Amiot CL, Shuping Xu, Liang S, Pan L, Zhao JX (2008) Near-infrared fluorescent materials for sensing of biological targets. Sensors 8(5):3082–3105. https://doi.org/10.3390/s8053082
Bailey RE, Smith AM, Nie S (2004) Quantum dots in biology and medicine. Phys E 25(1):1–12
West JL, Halas NJ (2000) Applications of nanotechnology to biotechnology: commentary. Curr Opin Biotechnol 11(2):215–217
Kalele SW, Gosavi S, Urbn J, Kulkarni S (2006) Nanoshell particles: synthesis, properties and applications. Curr Sci 91(8):1038–1052
Loo C, Lowery A, Halas N, West J, Drezek R (2005) Immunotargeted nanoshells for integrated cancer imaging and therapy. Nano Lett 5(4):709–711. https://doi.org/10.1021/nl050127s
Kherlopian AR, Song T, Duan Q, Neimark MA, Po MJ, Gohagan JK, Laine AF (2008) A review of imaging techniques for systems biology. BMC Syst Biol 2(1):74. https://doi.org/10.1186/1752-0509-2-74
Gao Z, Kennedy AM, Christensen DA, Rapoport NY (2008) Drug-loaded nano/microbubbles for combining ultrasonography and targeted chemotherapy. Ultrasonics 48(4):260–270. https://doi.org/10.1016/j.ultras.2007.11.002
Klibanov AL (2006) Microbubble contrast agents: targeted ultrasound imaging and ultrasound-assisted drug-delivery applications. Investig Radiol 41(3):354–362. https://doi.org/10.1097/01.rli.0000199292.88189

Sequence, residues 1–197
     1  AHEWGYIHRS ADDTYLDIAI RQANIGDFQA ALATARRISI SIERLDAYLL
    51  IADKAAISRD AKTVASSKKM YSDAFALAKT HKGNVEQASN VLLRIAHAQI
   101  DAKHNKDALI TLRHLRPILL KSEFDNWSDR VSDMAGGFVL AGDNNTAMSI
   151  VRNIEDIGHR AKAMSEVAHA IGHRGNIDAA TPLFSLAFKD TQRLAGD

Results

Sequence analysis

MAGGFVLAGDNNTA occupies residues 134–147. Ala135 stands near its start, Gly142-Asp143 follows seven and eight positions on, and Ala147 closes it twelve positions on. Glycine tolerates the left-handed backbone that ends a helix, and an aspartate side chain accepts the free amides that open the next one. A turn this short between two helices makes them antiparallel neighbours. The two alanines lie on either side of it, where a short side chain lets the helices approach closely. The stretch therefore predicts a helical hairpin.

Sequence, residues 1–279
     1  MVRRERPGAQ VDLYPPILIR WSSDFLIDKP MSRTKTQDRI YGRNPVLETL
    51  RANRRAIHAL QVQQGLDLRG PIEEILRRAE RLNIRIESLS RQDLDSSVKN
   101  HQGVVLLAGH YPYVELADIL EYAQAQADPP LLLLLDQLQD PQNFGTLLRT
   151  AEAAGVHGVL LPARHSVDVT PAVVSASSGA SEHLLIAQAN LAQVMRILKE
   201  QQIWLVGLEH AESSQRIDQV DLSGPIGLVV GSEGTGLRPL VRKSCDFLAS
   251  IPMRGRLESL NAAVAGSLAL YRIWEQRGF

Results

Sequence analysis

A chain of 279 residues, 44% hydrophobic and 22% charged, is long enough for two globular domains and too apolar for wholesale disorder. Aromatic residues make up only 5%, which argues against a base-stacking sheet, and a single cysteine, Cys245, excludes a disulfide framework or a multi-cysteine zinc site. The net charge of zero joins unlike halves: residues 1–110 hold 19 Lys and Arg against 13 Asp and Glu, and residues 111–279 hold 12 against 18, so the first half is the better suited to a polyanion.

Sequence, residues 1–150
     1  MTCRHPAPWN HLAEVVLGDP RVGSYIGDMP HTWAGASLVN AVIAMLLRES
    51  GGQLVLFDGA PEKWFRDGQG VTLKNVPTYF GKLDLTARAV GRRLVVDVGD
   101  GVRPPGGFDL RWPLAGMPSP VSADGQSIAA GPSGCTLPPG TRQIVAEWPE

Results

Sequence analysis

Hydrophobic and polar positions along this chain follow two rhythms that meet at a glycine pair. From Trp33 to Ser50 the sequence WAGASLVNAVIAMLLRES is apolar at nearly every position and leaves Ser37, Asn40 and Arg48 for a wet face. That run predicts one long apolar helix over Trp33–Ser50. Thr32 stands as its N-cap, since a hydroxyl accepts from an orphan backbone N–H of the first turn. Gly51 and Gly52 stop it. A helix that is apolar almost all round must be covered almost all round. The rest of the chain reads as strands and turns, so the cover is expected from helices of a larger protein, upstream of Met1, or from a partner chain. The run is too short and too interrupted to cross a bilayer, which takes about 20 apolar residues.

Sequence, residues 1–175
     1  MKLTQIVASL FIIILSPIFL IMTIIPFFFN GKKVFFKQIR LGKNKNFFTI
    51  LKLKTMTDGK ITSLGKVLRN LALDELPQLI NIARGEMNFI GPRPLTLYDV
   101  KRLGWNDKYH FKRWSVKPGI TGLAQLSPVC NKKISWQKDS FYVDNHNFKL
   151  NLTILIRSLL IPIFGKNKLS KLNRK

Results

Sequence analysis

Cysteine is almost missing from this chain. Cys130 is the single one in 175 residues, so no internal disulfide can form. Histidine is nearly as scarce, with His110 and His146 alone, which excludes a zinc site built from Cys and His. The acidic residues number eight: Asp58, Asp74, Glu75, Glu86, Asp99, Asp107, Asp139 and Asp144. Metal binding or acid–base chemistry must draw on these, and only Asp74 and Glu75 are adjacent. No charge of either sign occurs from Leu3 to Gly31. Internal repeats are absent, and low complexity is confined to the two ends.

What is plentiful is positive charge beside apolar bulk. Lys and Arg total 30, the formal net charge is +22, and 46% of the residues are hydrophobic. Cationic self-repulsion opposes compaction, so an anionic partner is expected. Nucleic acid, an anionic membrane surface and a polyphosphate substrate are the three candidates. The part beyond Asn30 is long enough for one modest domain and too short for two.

Cuenca AG, Jiang H, Hochwald SN, Delano M, Cance WG, Grobmyer SR (2006) Emerging implications of nanotechnology on cancer diagnostics and therapeutics. Cancer 107(3):459–466. https://doi.org/10.1002/cncr.22035
Torchilin VP (2005) Recent advances with liposomes as pharmaceutical carriers. Nat Rev Drug Discov 4(2):145–160. https://doi.org/10.1038/nrd1632
Nekkanti V, Kalepu S (2015) Recent advances in liposomal drug delivery: a review. Pharm Nanotechnol 3(1):35–55
Laverman P, Carstens MG, Boerman OC, Dams ET, Oyen WJ, van Rooijen N, Corstens FH, Storm G (2001) Factors affecting the accelerated blood clearance of polyethyleneglycol-liposomes upon repeated injection. J Pharmacol Exp Ther 298(2):607–612
Lee SM, Chen H, Dettmer CM, O’Halloran TV, Nguyen ST (2007) Polymer-caged lipsomes: a pH-responsive delivery system with high stability. J Am Chem Soc 129(49):15096–15097. https://doi.org/10.1021/ja070748i
Gabizon AA, Shmeeda H, Zalipsky S (2006) Pros and cons of the liposome platform in cancer drug targeting. J Liposome Res 16(3):175–183